Tents should be made of natural fibers – avoid synthetic fabrics, nylon ropes, and such. Hemp is the ideal rope component. Tents should adhere to documented styles and should match the period being portrayed by their inhabitants.
Period style lighting must be used; i.e. candles, reeds, and oil lamps of styles used in the periods being portrayed. Modern camping lanterns, railroad lanterns, and electrical lighting of all types are prohibited. If completely concealed, flashlights may be kept in camp for use during genuine emergencies.
Use of electronic devices is very strongly discouraged in the camp and demonstration areas when the site is open to the public. This includes phones and all other digital communication devices – except in health and safety emergencies. If you must make a call, send a text message, or check the internet, please go to the vehicle parking area to do so. If you are expecting contact, at least limit the device to the vibrate mode and conduct your business in a closed tent.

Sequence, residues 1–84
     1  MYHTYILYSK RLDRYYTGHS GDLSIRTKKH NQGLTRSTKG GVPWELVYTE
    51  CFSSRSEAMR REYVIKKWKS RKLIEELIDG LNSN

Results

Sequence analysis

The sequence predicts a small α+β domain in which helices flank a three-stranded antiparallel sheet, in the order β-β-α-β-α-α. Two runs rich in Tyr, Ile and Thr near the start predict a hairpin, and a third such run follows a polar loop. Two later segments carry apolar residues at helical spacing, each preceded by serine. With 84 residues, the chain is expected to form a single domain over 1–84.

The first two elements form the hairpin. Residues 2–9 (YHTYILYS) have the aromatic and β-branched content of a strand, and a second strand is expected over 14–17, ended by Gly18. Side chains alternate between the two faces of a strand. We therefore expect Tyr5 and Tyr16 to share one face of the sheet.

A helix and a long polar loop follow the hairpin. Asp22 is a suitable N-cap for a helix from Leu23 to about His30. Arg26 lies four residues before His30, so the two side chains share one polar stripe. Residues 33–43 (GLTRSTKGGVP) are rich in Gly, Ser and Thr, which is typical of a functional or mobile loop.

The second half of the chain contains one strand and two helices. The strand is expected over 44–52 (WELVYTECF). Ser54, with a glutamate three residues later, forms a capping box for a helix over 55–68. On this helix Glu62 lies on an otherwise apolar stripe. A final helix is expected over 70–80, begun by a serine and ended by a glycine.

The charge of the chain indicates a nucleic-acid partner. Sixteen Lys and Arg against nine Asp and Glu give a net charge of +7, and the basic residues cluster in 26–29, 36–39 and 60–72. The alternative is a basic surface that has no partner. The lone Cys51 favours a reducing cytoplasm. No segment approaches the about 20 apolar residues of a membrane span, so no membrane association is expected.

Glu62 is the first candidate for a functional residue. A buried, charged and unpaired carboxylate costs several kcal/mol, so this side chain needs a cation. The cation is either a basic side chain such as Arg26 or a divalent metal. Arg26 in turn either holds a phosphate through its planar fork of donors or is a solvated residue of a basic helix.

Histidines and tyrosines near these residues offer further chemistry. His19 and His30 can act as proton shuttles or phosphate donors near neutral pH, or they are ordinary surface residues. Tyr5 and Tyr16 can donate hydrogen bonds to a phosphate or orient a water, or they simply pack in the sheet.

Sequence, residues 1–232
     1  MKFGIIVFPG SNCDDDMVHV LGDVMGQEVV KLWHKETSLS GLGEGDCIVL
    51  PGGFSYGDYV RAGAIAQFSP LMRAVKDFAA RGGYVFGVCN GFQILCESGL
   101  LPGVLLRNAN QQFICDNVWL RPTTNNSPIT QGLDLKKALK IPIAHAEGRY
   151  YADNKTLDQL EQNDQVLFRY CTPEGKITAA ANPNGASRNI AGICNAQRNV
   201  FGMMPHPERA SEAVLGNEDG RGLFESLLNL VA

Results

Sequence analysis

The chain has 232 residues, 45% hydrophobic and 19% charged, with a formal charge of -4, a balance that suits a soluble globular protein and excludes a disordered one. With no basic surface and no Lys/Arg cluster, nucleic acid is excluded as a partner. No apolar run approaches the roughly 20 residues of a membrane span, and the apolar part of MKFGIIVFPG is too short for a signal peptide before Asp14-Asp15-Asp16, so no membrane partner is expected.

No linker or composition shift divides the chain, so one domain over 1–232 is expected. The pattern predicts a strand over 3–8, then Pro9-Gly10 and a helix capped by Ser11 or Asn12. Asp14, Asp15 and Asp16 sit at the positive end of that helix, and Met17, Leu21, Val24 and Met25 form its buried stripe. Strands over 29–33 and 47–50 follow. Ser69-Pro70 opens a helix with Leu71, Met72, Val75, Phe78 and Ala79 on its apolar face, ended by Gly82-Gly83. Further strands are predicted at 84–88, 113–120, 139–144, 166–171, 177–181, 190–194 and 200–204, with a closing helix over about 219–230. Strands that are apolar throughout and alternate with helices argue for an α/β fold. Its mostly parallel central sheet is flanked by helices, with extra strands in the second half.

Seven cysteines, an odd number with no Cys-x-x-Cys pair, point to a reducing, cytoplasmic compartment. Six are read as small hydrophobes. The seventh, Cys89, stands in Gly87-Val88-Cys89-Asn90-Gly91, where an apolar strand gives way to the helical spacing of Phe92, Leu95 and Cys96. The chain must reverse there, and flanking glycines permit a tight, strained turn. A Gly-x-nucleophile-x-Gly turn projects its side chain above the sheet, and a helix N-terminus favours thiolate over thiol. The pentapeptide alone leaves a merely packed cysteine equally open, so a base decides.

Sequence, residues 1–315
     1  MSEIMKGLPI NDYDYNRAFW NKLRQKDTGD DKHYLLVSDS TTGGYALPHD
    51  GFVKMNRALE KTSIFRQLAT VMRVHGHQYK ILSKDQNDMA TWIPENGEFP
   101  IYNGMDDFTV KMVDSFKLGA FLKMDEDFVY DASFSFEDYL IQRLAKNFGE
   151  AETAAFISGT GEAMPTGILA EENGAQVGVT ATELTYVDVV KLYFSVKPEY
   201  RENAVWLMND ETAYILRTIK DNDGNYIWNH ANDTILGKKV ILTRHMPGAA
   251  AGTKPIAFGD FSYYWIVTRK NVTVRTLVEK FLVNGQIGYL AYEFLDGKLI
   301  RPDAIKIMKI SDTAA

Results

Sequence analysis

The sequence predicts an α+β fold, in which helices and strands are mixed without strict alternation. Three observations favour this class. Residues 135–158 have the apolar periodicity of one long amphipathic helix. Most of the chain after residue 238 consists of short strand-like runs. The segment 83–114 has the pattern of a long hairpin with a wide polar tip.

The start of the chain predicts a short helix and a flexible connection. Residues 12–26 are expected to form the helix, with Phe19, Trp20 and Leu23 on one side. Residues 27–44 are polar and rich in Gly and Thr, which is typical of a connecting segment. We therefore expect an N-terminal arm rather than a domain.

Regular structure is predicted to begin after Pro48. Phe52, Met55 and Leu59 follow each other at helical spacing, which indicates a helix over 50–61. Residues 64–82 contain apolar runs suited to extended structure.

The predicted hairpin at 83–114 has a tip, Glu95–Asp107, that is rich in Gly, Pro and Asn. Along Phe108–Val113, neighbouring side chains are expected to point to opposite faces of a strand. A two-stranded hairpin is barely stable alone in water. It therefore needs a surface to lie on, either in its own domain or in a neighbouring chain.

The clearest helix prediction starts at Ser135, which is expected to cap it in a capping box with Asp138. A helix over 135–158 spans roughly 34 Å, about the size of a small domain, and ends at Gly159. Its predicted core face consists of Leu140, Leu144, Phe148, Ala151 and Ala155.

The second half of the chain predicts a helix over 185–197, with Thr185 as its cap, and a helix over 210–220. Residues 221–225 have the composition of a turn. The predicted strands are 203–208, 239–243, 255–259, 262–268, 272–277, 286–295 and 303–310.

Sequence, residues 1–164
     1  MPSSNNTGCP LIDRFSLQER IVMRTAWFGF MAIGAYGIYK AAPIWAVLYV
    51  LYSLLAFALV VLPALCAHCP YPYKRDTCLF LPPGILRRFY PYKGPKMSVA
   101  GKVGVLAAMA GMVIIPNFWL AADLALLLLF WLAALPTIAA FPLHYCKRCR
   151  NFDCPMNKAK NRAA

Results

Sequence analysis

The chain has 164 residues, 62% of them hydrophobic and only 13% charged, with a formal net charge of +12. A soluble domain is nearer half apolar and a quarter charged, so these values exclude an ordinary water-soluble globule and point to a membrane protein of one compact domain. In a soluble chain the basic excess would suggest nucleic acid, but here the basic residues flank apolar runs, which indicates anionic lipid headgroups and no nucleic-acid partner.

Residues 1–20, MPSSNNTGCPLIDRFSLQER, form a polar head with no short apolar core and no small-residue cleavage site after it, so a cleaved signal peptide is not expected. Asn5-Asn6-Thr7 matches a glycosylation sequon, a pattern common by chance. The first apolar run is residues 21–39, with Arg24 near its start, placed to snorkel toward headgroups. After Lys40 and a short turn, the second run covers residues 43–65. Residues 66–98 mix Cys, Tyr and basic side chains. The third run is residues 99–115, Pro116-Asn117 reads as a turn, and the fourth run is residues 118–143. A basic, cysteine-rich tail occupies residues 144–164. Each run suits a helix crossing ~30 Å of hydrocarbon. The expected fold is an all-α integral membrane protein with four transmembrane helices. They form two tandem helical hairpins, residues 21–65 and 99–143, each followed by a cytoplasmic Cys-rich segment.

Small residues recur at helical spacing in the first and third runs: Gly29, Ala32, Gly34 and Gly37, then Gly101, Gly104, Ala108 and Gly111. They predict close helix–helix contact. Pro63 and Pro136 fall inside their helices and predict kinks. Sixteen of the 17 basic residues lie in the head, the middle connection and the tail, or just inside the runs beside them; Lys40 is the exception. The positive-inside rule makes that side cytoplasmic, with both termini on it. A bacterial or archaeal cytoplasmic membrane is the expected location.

Modern camping amenities – sleeping bags and coolers – may be used. However, they must be kept completely out of public sight when the site is open to the public. Sleeping bags must be stowed in a box, fully concealed under period bedding, or stored in a modern vehicle when not in use. Coolers must be concealed in similar fashion.
Bedding straw will be provided in bales. Do not use bales as seating! Break them up and use the straw (or hay) as flooring in tents or as bedding.
Camp furniture – chairs, tables, boxes, beds, and such – must conform to documented styles, materials, and construction techniques matching the period being portrayed. In particular, avoid the two-piece camp chairs popular with many reenactors of various periods. These chairs date from only the mid-20th century.